Ketamine Therapy: An Alternative Approach to Block and Reverse Chronic Pain
Intravenous or IV ketamine therapy is an exciting non-opioid medical approach that can be administered by a trained physician in a pain clinic, and some pain doctors administer ketamine as it has shown usefulness in their practices for a variety of painful conditions.
How does ketamine work? In acute pain, or short term pain, a painful signal is transmitted from a point of injury via the nerve to the spinal cord. A signal from the spinal cord is then relayed to the brain, where we perceive and respond to the painful stimulus. In chronic pain, where there no longer is a painful stimulus, the spinal cord relay point unfortunately becomes accustomed to painful signals and has developed "frequently used shortcuts." These pathways may begin to signal spontaneously or overzealously to the brain, known as dysesthesia, hyperesthesia and hypersensitization, via a specific type of neurotransmitter known as glutaminergic neuronal signaling, also known as NMDA receptor upregulation. Ketamine is an NMDA blocker, or antagonist, and can block or reverse this type of disorderly neurotransmission.
Ketamine has been used in clinical practice by pain clinic physicians for conditions ranging from acute pain to chronic pain to pyschological disorders. In early 2019, the US Food and Drug Administration approved a brand name ketamine, Spravato, for refractory depression, also known as treatment resistant depression. While the on-label indication for Spravato is narrow, some doctors have used ketamine to treat complex regional pain syndrome, depression, bipolar disorder, and other various chronic pain disorders.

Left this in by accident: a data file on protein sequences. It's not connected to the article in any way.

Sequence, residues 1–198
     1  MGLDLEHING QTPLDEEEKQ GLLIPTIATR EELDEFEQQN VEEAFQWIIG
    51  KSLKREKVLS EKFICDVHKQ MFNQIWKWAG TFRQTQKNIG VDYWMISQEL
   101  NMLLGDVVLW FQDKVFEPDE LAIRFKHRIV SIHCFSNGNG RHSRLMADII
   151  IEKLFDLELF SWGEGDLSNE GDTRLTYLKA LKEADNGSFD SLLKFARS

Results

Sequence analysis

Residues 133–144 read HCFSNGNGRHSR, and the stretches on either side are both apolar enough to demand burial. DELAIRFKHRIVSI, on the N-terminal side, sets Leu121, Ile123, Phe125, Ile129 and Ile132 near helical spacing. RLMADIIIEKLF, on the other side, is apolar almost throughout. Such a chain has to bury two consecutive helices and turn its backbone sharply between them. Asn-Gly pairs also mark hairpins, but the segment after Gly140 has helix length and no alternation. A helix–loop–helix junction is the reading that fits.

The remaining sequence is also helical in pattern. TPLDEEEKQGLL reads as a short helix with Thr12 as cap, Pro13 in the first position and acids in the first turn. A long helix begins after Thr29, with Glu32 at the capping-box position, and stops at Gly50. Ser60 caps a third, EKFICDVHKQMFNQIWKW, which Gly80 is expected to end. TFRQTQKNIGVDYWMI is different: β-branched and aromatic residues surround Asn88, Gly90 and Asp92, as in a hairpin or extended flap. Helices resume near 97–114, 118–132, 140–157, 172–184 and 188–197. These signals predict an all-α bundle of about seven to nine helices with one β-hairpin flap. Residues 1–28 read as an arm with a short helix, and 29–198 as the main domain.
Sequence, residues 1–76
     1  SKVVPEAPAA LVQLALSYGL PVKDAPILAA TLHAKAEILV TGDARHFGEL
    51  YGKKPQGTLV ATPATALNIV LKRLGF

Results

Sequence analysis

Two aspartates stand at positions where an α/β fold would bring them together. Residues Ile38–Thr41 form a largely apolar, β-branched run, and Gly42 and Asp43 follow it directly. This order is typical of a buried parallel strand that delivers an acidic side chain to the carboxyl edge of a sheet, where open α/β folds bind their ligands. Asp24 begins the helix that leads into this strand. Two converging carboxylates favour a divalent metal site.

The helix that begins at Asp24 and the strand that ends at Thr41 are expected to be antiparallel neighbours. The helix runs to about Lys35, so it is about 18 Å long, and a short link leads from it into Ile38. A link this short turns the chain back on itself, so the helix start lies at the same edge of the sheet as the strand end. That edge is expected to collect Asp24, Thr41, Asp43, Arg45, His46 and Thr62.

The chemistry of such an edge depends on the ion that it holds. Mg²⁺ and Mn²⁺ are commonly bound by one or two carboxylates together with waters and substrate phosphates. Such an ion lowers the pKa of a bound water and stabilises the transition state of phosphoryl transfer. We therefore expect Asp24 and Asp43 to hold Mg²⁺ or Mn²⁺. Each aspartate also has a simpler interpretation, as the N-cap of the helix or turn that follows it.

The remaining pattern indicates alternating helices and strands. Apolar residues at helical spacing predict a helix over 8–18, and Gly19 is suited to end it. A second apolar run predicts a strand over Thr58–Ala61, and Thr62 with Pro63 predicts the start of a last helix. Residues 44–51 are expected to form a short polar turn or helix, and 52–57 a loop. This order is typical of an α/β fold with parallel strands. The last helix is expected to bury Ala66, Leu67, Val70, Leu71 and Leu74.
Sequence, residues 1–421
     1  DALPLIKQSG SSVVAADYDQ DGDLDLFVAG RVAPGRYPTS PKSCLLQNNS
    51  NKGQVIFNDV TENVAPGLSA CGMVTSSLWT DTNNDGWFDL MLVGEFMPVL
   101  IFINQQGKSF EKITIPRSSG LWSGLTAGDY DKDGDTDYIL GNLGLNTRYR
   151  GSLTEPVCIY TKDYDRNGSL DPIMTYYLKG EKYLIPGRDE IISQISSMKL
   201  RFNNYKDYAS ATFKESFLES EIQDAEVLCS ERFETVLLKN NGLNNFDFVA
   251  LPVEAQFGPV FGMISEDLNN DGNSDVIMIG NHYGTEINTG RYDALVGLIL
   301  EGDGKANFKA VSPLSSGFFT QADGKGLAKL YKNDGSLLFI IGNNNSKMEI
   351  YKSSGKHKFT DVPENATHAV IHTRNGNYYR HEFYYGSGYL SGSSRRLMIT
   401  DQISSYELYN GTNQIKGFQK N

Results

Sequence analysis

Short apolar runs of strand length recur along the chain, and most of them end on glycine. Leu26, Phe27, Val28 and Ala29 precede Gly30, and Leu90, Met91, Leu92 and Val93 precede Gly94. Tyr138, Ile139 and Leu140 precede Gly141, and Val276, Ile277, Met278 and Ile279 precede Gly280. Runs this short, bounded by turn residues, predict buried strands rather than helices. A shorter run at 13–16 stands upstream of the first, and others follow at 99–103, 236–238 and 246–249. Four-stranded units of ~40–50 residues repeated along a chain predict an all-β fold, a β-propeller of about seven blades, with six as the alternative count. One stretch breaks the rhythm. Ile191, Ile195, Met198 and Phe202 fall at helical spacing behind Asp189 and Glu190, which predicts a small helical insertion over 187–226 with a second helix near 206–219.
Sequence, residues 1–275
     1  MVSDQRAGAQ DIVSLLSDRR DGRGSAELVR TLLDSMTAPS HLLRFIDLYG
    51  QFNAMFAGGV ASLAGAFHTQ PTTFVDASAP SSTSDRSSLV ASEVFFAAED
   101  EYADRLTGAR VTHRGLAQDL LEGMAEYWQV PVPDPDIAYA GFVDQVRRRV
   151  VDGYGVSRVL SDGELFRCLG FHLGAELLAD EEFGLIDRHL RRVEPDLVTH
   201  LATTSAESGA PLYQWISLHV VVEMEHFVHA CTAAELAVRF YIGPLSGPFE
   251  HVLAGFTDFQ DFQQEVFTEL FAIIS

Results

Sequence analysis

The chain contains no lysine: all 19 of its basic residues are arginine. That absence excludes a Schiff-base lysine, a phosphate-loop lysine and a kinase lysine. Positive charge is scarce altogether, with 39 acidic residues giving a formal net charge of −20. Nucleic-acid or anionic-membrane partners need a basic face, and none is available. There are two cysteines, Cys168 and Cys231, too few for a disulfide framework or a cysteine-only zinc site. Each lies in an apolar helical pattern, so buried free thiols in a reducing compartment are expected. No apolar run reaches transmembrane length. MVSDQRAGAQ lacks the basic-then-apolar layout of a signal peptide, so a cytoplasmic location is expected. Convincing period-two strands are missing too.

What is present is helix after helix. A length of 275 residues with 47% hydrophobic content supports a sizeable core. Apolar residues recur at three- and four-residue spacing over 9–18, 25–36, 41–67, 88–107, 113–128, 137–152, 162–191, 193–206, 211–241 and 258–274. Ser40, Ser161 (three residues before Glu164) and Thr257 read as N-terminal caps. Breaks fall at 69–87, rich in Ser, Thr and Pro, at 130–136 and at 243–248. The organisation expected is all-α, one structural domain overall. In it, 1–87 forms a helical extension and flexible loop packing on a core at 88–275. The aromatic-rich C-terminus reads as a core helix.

Stay tuned for upcoming blog postings on Spravato in the near future!
Pain management anesthesiologists and pain clinic doctors are in a unique position to administer IV ketamine infusion therapy in an outpatient setting, based on understanding of diagnosis of acute and chronic pain conditions, as well as an understanding of administration of intravenous medications, based on years of training and experience in operating rooms administering anesthetic medications.
IV ketamine infusion therapy is typically adminstered in a recurring series. Patients may elect for three to four day a week sessions of four hours each. An IV may be placed, vital signs can be monitored, and patients typically read, listen to music, or browse the internet while the infusion therapy is painlessly occcurring. During the initiation of therapy, dosing is typically started conservatively to avoid side effects. Monitoring is performed to avoid adverse effects of the therapy.
Also check out a couple other popular blog posts about low back pain and sciatica here:
Bellevue Pain and Wellness PLLC is a Seattle Bellevue area pain clinic helmed by pain doctor, Robert Bowers M.D., who is board certified in pain medicine and anesthesiology by the American Board of Anesthesiology.